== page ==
Thursday, April 23, 2015

Shetterly's Guide to Zumba classes in Minneapolis's Standish, Ericsson, and Powderhorn Neighborhoods—One free!

If you've never done Zumba or have only done a little, there are a lot of reasons to try a class by Bernice Arias-Sather:

1. She does free classes at Powderhorn Park on Mondays and Wednesdays at 6:30 which are especially fun once the weather warms up, because then they're outdoors. They're sponsored by OUT in the Backyard, an LGBTQ community outreach group.

2. Her style seems like the best of traditional Zumba: A few pop songs with a heavy Latin emphasis, a fun, fast-moving class without much verbal instruction from the leader, who favors visual cues to help people follow.

3. She has been teaching since 2007, so some of her students have become instructors who lead dances just as Bernice taught them. This is especially helpful for new students at the Midtown YWCA, where Bernice teaches on Thursdays at 6:45 pm, and the Saturday 9:45 am is usually taught by one of her students.

At Social Dance Studio (which closes at the end of the month, alas, but its Zumba instructors will continue to teach in the area), two teachers give classes at a $5 drop-in price. Jimi Jimi Jimi includes dances with a Renaissance Festival/Eastern European folk dance feel; Sadie Jelenik takes a slightly more contemporary approach.

My favorite teacher for reasons that should not reflect in any way on the excellence of Bernice, Jimi, and Sadie is Tania Mitchell, who teaches at the Midtown YWCA on Sundays and Tuesdays at 5:30. I always warn new dancers that if they find Tania challenging, they should try someone else, because Tania is the least typical: her dances feel more complex than anyone else's, she seems to bring in new dances more often than anyone else, and she may have more high-intensity dances than anyone else (though it may just feel like that because new and complex dances burn more mental energy). Tania gives more verbal instruction than the other teachers I've mentioned, probably because her dances are more complex, but she always exudes such a sense of fun that I never noticed that until I took my own instructor certification and began comparing the official Zumba advice with the ways different teachers vary from it.

Starting in June, Tania's Tuesday class will be free outside at the Farmer's Market, which should be great fun.

Tip for new dancers: Show up early to get a good spot. If you're too far in the back, it's hard to see the teacher. My favorite place is usually in the second row, slightly to one side.

Wednesday, April 22, 2015

Zumba? WTF?

After I shared How strange is it that I am now a certified Zumba instructor? on Facebook, a friend said, "I might think it was strange if I had any idea what it meant." Another responded, "So, you teach them how to navigate around the furniture while they vacuum?"

Which made me realize the world is divided between people who have heard of Zumba—15 million are currently taking Zumba classes, according to Zumba's site—and those who haven't a clue what it is, and most of my friends fall into the latter group. This is for them.

The Zumba origin myth is that a gym teacher in Columbia forgot his usual exercise tape and improvised by playing a mix of dance songs that were in his car and leading people in the steps. His students loved it, so he kept doing it, and after a few years, he moved to Miami, where a couple of investors saw the potential, and Zumba went international.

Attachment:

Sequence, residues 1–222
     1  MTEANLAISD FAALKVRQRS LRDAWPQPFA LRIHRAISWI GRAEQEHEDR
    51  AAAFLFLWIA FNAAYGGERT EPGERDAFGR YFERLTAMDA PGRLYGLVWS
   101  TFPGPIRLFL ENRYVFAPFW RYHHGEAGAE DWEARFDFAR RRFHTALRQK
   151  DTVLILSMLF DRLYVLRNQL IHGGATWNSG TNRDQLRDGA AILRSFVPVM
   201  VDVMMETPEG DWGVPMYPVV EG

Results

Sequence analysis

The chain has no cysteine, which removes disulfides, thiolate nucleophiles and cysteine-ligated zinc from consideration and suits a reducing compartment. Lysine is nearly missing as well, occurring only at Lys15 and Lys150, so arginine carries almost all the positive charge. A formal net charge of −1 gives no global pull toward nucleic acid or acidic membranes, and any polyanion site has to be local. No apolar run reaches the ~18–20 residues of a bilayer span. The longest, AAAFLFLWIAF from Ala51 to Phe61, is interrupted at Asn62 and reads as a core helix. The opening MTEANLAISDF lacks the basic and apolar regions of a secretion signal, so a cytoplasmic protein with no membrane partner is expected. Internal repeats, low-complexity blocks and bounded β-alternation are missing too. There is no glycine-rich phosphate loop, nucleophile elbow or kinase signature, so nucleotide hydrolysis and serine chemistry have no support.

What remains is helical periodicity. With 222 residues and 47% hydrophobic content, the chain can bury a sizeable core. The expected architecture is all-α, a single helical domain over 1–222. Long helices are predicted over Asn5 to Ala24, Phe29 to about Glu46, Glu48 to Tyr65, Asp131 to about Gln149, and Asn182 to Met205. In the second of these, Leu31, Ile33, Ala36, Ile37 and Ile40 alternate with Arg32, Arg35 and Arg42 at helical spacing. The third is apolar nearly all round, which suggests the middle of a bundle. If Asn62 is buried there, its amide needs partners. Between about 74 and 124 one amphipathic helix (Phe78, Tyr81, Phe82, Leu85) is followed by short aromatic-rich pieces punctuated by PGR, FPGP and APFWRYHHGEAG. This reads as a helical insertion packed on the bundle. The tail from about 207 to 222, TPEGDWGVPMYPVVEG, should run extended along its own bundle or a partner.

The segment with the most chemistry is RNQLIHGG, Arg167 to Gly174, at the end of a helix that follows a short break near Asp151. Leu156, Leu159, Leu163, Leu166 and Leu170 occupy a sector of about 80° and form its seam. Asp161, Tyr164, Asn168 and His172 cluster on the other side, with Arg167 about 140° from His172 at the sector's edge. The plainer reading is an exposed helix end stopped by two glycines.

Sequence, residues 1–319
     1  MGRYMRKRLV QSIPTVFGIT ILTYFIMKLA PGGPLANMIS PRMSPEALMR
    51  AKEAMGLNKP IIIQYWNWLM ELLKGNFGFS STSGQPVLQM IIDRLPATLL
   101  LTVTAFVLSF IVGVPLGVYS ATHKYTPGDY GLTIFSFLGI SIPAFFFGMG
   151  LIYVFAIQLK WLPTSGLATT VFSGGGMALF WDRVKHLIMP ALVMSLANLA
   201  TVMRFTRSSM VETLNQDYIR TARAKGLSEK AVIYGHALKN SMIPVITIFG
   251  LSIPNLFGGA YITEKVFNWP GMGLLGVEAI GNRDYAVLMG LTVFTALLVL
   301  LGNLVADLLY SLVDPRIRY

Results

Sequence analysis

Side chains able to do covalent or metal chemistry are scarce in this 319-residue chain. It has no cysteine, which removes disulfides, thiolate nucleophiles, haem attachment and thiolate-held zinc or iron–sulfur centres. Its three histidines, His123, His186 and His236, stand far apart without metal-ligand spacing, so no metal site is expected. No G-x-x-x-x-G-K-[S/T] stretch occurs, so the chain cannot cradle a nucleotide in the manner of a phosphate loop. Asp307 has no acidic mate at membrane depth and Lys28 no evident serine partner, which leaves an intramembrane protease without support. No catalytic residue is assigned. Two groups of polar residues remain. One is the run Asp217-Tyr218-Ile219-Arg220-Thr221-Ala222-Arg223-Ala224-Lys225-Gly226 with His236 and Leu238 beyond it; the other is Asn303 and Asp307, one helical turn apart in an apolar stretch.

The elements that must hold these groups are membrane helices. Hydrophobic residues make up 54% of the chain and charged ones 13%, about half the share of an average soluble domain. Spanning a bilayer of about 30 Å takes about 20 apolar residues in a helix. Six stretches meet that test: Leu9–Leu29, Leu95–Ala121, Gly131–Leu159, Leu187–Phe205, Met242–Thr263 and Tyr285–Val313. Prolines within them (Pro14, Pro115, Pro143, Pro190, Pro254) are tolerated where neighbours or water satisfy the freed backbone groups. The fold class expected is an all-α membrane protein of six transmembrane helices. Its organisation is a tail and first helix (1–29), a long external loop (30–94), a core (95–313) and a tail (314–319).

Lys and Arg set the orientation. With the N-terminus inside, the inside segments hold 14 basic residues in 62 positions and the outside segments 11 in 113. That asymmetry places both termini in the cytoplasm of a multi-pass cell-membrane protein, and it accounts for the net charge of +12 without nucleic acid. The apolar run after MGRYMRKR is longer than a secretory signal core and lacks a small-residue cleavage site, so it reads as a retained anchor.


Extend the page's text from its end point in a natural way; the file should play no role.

Zumba teachers like to think of Zumba as “exercise in disguise.” Officially, it’s a “Latin-inspired international cardio workout", which means the teachers are encouraged to keep a high percentage of Latin music in the mix, but “international” is open to each teacher’s interpretation. Zumba is effective exercise—people burn an average of 500-1000 calories in a class—but the main reason it's popular is Zumba feels more like dancing than working out—see yesterday's comment about how I hate the idea of exercise.

A few posts about my dancing journey so far:

Old white guy can't dance (yet) - Part 1

Old white guy can't dance (yet) - Part 2

Old white guy can't dance (yet) #3

Fat women will kick your ass at Zumba

Dance is changing my idea of female beauty

Tuesday, April 21, 2015

How strange is it that I am now a certified Zumba instructor?

Perhaps the most unlikely thing I’ve done in my life was getting certified last Saturday to teach Zumba. This doesn’t mean I'll teach it soon, or ever, but I’ve started down that path.

It began two years ago when Emma and I joined the YWCA. We knew we needed exercise. I hate exercise. I like activities like bicycling and hiking, but I hate anything that seems like work for its own sake, I hate the idea of group activities (though I often enjoy the reality more than I expect), and the socialist in me really doesn’t like anything with a brand name.

But I love Zumba. When I was young, my idea of a good exercise was karate, and when I was older, it was tai chi. In both cases, the exercise was secondary. The point was to do something that took me out of my daily life for an hour or so and left me feeling better at the end of the hour than the beginning. Zumba does that for me.

I’m not sure why I kept on with Zumba during the first weeks when I was convinced I would never learn the steps. My best tips:

  1. Remember everyone there was a beginner once.
  2. Smile when you screw up. I smile a lot during zumba.
  3. The point isn’t to get strong or lose weight or build stamina or reduce stress or become an amazing dancer—I have no illusions about being a good dancer or becoming a great one. The point is to have fun. Some teachers are objectively bad, and some teachers are wrong for you because of their personality or the pace they set for the class, so if you don't like one teacher, try another. I was lucky to get a great teacher for my first class.